Aadhaar Payment Bridge (ABP) is a payment gateway platform for retail payments and facilitates seamless transfer of payments to Aadhaar Enabled Bank Accounts. It has been created by National Payments Corporation of India (NPCI) which has been instrumental in designing other retail payment systems such as Unified Payments System (UPI), RuPay Debit Card, Immediate Payment Service (IMPS) amongst others. APBS was launched in 2011 and started offering funds transfer under DBT scheme for LPG subsidy from 2013 onwards. In FY 2016, 42 central schemes and 50 state schemes offered fund transfer through DBT and hence through APBS.
Ankur: I believe the Government of India (GoI) stands for the central government. If these are the initiatives of the central government then how are the state government ready for making the payments.
Mr. Sengupta: There is an administrative arrangement defined by the constitution of India and each state is a separate administrative unit. They are independent to build their own applications. There are a number of central government schemes which are supposed to be implemented by the states. Funds for implementation of these schemes are transferred directly by the central government to the bank accounts of the citizen. Also, the states are invited to use the digital payments mechanism for the implementation of state schemes.
Ankur: I think digital payment mechanism takes away discretion from the government officials which benefits the citizens. How do you respond to that?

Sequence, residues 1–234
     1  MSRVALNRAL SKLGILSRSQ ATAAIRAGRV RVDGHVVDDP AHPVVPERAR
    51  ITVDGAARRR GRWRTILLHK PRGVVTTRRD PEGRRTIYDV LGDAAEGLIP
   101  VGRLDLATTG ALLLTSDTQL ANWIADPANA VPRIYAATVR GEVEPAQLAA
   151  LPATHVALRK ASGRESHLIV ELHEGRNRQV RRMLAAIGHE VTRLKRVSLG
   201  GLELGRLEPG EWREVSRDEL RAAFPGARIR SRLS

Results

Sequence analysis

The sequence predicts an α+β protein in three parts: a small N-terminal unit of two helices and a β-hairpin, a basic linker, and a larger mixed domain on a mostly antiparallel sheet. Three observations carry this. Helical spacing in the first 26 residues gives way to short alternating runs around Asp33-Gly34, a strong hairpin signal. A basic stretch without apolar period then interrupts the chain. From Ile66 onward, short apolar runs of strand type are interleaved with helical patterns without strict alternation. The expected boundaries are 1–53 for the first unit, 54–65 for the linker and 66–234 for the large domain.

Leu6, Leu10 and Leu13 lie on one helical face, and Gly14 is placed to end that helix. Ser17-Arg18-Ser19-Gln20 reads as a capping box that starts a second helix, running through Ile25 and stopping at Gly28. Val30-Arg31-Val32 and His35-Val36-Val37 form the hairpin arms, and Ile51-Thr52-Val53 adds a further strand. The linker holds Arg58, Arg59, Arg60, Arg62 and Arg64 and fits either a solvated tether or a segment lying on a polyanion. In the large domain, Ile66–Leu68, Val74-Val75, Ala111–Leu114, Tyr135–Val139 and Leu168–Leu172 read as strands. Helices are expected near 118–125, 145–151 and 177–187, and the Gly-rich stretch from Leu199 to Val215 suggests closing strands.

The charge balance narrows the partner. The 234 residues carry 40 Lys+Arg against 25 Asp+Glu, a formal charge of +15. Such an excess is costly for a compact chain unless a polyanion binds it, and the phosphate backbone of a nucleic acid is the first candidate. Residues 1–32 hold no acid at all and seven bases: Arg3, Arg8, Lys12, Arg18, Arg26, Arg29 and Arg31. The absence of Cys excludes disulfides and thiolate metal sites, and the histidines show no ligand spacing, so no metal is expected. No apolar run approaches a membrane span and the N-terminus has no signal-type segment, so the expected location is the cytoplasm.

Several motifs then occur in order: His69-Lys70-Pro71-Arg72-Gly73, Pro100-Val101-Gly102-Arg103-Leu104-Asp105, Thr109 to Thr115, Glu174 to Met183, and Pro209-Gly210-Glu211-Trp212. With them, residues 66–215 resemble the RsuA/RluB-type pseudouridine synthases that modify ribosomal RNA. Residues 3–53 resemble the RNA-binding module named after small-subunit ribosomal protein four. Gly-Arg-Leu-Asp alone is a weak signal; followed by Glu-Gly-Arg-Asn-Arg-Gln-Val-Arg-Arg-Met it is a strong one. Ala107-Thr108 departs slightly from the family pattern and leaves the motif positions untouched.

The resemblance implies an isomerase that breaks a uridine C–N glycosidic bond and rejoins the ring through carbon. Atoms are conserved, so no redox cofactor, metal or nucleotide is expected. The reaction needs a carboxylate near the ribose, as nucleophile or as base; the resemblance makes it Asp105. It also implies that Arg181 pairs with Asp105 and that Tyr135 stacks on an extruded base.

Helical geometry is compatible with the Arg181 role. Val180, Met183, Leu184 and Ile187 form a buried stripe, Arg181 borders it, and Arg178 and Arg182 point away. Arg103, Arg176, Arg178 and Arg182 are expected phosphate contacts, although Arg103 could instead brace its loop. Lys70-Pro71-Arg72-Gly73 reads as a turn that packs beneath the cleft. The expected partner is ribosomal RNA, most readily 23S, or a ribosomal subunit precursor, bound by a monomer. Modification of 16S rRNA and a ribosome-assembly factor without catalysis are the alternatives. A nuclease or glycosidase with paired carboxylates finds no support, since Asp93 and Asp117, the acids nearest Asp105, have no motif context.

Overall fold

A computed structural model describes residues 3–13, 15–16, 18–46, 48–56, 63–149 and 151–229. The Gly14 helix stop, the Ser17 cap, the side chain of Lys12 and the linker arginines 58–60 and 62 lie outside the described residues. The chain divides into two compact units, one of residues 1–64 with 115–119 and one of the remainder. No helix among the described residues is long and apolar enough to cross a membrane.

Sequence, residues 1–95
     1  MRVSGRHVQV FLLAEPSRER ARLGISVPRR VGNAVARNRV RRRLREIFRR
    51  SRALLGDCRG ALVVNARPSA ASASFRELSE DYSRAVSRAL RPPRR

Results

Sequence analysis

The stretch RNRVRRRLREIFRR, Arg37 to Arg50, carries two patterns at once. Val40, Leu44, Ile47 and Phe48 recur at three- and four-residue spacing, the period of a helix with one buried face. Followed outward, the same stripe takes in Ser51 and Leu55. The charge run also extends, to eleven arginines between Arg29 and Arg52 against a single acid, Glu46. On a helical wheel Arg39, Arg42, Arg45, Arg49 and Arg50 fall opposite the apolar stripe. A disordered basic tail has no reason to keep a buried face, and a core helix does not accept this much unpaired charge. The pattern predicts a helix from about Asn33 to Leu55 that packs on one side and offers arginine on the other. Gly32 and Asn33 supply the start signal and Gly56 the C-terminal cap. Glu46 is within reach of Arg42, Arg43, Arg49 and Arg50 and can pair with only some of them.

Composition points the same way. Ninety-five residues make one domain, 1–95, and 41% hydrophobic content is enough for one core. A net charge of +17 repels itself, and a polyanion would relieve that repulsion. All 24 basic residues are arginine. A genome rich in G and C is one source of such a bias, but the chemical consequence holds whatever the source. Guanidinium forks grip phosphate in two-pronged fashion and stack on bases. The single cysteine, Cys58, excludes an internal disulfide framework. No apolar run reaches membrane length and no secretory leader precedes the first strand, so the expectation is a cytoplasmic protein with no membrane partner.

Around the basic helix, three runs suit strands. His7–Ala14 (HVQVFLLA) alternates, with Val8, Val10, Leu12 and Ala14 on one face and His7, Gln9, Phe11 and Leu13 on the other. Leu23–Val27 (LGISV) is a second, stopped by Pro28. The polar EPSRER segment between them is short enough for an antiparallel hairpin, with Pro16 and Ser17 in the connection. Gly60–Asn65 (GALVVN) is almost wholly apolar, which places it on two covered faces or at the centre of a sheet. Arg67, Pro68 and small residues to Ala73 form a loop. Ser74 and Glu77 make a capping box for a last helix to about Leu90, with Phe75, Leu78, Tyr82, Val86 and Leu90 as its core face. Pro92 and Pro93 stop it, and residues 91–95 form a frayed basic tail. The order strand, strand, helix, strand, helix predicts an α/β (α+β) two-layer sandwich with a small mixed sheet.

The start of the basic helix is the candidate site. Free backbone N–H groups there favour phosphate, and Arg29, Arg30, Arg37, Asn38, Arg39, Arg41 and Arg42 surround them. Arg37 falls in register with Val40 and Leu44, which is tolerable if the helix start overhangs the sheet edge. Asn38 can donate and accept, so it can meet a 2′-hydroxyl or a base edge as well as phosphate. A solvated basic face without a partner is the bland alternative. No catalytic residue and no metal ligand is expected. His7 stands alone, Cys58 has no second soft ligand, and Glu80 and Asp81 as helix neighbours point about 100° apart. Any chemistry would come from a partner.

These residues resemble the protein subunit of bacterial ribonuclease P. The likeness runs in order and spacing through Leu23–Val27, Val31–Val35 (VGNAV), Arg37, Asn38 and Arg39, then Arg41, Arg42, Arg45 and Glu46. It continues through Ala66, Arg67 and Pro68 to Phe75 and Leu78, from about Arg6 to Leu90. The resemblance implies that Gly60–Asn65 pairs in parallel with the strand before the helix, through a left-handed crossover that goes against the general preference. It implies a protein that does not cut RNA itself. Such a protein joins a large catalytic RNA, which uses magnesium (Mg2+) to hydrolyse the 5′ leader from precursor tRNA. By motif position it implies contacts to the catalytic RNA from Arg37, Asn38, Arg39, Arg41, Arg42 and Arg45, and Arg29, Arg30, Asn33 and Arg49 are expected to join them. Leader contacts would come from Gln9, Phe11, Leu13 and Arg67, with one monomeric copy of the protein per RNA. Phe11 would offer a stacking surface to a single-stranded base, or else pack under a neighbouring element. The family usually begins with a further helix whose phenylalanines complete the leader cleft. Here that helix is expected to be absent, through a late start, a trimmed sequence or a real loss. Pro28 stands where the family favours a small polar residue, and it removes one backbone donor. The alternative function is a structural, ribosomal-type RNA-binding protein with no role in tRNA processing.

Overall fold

Mr. Sengupta: There are two sides to it.
Certainly, reduction in discretion corresponds to reduction in dependence of the citizens on the public officials. This empowers the citizens in many ways. They need not visit the government offices just to know the status of their payments if it does not reach them in a stipulated period of time. A citizen may do so by using the ‘Know Your Payment’ option on the GePG or PFMS portal. The dependence could result into unusual or non-operational delay which may even result into exploitation in some cases.
But dependence on officials needs to be separated from business discretion of officials. In case of business payments, contractual terms also play a role in deciding when and how the payments would become due. The magnitude and conditions for advance, intermittent or final payments are mutually agreed upon and are determined by the level of completion of task. Using the digital payment platforms, a business enterprise cannot skip its contractual obligations which have to be met first to be eligible to receive payments. By making faster payments it is never suggested that contractual obligations should go for a toss.
Ankur: Thank you Mr. Sengupta for proving me the valuable insights?
Mr. Sengupta: You are most welcome. I must say Maximum Governance is doing a great job of curating knowledge to for sharing. I wish you all the very best.